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Norwegian’s new more fuel and noise-efficient Boeing 737 MAX 8 has landed at Cork Airport in time for its scheduled departure to Boston Providence. Norwegian is the first European airline to receive and fly the new aircraft.

The MAX 8, which is more competitive for the transatlantic market, will now operate the direct Norwegian service to Boston Providence, which started in July. Norwegian fly three times weekly to the state capital of Rhode Island up to the end of October and twice weekly for the Winter season through until the end of March.

Jonathan Swift featuring on the tail of the Boeing 737 Max 8 aircraft which will operate the Cork to Boston Providence route

Norwegian Chief Commercial Officer Thomas Ramdahl said: “We’ve had a strong summer on the Cork route with many flights full, so introducing our brand-new MAX aircraft is another significant step for the airport’s historic first transatlantic flights. Not only can passengers in Cork fly low-cost and direct to the US for the first time, they will also now be flying on brand new state-of-the-art aircraft, all from just €99.”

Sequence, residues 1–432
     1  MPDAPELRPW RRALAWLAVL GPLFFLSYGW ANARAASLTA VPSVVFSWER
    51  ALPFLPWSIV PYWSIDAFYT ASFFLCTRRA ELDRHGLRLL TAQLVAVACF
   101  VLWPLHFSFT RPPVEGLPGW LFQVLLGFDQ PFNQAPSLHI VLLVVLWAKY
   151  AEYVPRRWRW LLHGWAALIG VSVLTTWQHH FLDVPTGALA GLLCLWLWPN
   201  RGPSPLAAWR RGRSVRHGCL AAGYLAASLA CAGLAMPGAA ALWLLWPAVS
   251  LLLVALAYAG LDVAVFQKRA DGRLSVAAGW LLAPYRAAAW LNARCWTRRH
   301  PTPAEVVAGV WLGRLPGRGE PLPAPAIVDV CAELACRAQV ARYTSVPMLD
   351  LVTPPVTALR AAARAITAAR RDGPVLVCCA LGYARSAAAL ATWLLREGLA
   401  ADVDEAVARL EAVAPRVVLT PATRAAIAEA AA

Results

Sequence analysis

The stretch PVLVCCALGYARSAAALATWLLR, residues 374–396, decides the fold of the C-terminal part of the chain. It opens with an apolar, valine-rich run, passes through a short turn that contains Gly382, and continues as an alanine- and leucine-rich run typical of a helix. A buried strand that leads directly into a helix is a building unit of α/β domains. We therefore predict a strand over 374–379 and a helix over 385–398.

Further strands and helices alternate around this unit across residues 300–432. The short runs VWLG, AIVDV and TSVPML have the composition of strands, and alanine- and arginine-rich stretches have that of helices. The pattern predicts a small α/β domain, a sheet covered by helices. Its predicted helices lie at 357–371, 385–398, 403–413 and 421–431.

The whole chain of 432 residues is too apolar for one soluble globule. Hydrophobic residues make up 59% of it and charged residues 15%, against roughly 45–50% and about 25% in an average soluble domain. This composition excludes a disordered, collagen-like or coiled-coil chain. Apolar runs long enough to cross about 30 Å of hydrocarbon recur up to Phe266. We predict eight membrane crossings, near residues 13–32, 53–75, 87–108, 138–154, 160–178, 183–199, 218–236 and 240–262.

The author of ‘Gulliver’s Travels’, and former Dean of St Patrick’s Cathedral, Jonathan Swift, features on the aircraft’s tail fin. Swift is the second in the series honouring Irish people, following Irish explorer Tom Crean.

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Cork Airport’s Managing Director, Niall MacCarthy said: “The MAX 8 overtakes its rivals in terms of innovation and efficiency. It is particularly special that the aircraft is graced by an Irish literary hero and I think this is testament to the strong and thriving roots that Norwegian has grown since launching in Ireland. The new MAX 8 certainly paves the way for future expansion of direct transatlantic routes from Cork Airport.”

The plane’s engines features noise suppression technology, enabling the craft to reduce noise emission by 40pc. Its wings have been modified from previous models, improving airflow around them. With a capacity of 189 passengers, the aircraft also adopts the popular Boeing Sky Interior. In line with Norwegian’s existing 737 and 787 fleet, seat size and leg room are on par, if not ahead of fellow low-cost carriers. Norwegian has 100 of the new aircraft on order to service and expand their transatlantic operations.

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